This article discusses the theoretical and methodological foundations of the state capacity, which is defined as the ability of a state to choose and effectively implement its own decisions, changing domestic and foreign policy. The authors emphasize that one of the distinctive features of the concept is its multidimensionality, which leads them to the idea of considering state capacity as a complex phenomenon, a set of interrelated “capacities” that a modern state possesses. In accordance with this assumption, the authors dwell on three main dimensions of state capacity: coercive (ensuring external security and internal order), extractive (financial resources available to the state) and administrative-bureaucratic (quality of administrative and bureaucratic institutions) capacities of the state. The choice of measurements was based primarily on the idea that any modern state has key (“umbrella”) functions, which in turn can serve as a criterion for comparative studies. During the process of operationalization, the authors emphasize the particular importance of striking a balance between “maximalist” and “minimalist” approaches to the selection of indicators. Within the framework of the study, some rationales for the use of a set of indicators of state capacity are given (data on military expenditures and an aggregate measure of control over violence for coercive capacity, tax extraction and total government revenues (both in percent of GDP) for extractive capacity and an aggregate indicator of governance and institutional quality and the level of shadow economy for administrative-bureaucratic capacity), and it will serve as the basis for conducting an empirical study and identifying the selection of stable structures typical for certain groups of countries.
This article speaks to methodological aspects of the ways to use a popular research technique – process tracing. The latter has gained momentum as a compromise between neo-positivist and interpretative approaches. Authors provide a brief overview of the method’s role in current political research; carefully describe the peculiarities of method’s procedure; compare process tracing with other research tools and discuss its advantages and shortcomings. Process tracing is a type of within-case analysis that aims at inferring causal mechanisms that bring about outcomes in question. The main strengths of the approach are 1) possibility of falsification tests, 2) rigor of analytical procedure, based on Bayesian logic and related empirical tests, 3) getting the most of in-depth knowledge of the case, 4) compatibility with quantitative research as the auxiliary method. Apart from that, process tracing serves as a powerful remedy against a-theoretical narratives and turns the case study into a genuinely captivating detective storyline. Among the weak points one should mention 1) lack of parsimonial explanations, 2) lack of generalizability, 3) time-consuming process of data collection. To demonstrate how process tracing can be used in real-world research the article provides one example based on study by Ahmed which devoted to electoral reforms in Europe at the end of the 19th century. It is shown how Ahmed based on process tracing falsified the influential theory by Rokkan-Boix and put forward the solid argument for her model of explaining the logic of electoral system reforms in Europe at the time of the franchise expanded.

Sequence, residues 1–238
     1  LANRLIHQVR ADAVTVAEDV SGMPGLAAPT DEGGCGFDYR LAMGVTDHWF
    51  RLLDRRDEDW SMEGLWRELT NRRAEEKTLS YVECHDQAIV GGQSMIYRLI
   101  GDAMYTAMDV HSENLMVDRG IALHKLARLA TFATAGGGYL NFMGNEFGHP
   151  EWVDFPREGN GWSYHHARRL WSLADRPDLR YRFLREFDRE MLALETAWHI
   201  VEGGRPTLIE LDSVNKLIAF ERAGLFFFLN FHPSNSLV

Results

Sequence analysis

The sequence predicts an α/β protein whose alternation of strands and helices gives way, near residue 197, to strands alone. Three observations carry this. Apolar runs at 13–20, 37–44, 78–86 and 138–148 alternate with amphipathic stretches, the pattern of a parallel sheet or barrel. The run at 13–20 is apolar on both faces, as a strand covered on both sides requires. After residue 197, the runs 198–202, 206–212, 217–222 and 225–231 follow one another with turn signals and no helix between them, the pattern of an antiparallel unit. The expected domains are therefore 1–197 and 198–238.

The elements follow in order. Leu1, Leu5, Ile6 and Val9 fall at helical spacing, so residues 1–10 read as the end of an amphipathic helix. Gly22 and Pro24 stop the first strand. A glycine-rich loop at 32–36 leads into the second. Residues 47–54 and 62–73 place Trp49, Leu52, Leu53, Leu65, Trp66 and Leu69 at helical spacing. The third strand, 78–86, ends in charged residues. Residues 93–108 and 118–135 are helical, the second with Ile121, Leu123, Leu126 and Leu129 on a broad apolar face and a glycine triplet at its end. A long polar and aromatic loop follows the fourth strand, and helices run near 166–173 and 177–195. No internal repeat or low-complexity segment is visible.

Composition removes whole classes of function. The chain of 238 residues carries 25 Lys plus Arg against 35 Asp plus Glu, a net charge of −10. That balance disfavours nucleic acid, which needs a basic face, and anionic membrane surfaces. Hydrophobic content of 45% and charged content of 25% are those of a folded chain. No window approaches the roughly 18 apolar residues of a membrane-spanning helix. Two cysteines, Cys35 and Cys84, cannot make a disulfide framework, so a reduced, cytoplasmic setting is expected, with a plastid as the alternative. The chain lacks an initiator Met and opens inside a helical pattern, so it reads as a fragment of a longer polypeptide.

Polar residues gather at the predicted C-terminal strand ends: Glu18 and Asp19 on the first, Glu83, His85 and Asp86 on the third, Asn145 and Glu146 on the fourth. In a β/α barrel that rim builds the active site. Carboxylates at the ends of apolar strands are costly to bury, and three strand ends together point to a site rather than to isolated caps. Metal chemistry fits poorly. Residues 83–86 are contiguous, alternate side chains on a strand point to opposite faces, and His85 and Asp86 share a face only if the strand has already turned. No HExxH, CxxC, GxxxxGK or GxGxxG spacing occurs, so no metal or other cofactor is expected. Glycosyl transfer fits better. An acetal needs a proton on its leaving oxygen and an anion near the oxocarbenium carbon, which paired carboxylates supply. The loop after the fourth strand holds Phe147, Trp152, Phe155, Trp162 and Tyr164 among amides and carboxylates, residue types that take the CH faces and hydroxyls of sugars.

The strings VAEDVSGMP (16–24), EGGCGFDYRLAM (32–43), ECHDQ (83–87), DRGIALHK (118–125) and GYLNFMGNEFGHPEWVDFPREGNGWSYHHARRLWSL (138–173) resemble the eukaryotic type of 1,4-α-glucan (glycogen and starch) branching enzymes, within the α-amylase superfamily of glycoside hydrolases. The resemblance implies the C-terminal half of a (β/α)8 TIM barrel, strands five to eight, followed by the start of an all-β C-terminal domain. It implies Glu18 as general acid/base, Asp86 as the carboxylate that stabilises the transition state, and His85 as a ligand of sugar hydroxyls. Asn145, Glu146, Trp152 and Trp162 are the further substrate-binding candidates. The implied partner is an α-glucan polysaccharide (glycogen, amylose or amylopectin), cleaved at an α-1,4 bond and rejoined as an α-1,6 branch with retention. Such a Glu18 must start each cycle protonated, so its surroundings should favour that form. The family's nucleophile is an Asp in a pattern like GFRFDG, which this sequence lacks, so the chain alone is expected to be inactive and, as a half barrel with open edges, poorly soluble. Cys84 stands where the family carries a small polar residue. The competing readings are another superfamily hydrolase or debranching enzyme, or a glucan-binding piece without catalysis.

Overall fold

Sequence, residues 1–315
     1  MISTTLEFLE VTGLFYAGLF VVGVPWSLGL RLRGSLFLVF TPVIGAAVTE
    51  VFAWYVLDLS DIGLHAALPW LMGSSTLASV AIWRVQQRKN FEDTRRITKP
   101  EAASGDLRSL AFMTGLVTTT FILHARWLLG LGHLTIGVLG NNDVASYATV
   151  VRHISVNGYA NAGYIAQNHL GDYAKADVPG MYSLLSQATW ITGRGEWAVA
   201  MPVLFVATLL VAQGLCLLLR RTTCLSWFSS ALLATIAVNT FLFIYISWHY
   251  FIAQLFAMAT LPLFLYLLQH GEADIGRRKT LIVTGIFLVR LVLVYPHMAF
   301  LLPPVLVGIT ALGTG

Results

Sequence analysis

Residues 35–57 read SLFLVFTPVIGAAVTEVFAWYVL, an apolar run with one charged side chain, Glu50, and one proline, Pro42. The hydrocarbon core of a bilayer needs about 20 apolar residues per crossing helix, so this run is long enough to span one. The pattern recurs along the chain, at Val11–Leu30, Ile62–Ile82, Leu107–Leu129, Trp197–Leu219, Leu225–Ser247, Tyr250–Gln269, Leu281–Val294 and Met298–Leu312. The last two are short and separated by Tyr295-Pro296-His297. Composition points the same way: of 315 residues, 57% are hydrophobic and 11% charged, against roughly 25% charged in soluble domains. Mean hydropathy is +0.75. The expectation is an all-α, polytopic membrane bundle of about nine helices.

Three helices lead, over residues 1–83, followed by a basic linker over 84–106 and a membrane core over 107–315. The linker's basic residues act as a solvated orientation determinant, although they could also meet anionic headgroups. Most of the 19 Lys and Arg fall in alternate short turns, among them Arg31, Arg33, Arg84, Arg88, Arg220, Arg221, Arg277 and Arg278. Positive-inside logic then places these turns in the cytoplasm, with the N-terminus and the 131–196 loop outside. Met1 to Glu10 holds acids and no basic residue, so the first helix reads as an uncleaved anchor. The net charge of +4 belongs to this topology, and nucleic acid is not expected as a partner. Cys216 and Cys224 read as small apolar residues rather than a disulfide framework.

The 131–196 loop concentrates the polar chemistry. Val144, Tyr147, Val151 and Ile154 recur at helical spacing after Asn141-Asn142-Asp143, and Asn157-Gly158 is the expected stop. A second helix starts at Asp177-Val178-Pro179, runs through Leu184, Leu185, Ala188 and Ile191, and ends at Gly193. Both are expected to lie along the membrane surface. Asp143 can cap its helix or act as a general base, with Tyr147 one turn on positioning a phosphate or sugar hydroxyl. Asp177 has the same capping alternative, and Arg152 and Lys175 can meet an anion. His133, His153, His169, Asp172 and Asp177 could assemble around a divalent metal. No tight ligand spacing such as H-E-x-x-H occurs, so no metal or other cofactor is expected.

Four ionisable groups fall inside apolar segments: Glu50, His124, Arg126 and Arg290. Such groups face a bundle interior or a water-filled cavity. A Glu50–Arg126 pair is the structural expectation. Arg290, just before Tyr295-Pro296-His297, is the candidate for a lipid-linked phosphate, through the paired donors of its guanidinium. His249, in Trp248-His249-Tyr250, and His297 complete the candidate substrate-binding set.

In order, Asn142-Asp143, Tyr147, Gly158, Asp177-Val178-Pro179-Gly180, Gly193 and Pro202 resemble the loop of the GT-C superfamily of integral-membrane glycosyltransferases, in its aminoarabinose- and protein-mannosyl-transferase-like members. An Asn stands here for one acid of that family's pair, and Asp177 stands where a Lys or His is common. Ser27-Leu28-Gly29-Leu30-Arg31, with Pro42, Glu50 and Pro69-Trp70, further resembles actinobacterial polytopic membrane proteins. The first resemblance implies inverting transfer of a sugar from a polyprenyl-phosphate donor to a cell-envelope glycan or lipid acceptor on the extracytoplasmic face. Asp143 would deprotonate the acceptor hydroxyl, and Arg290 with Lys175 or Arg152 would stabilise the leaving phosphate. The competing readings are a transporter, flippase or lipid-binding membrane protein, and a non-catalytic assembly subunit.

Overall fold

This piece is a reaction to a series of articles on the state of IR discipline, which was started in previous issues of this journal. The authors emphasise problems of IR theory in Russia (insufficient attention to the current IR trends as well ideologisation of theories and methods, which leads to numerous difficulties of integration of the Russian academic community into the world academic discussion). Particular attention is paid to the specificity of the formation of new theoretical approaches where interdisciplinarity is key. Ignoring it would seriously limit capabilities and depth of Russian analytics. To illustrate these points the article addresses the analysis of the EU’s 2016 Global Strategy with ‘resilience’ being its key category. The article demonstrates inevitability of addressing theory for the sake of the analysis of this document as well as for the research of EU-Russian relations at large. The first part of the article examines the specificity of how IR theory is used by the Russian academic community. The second part is devoted to the main problems of the contemporary discussion on the essence of IR. The third part gives an illustration of how theoretical approaches can be used to analyse one specific document, which is important for EU-Russian relations.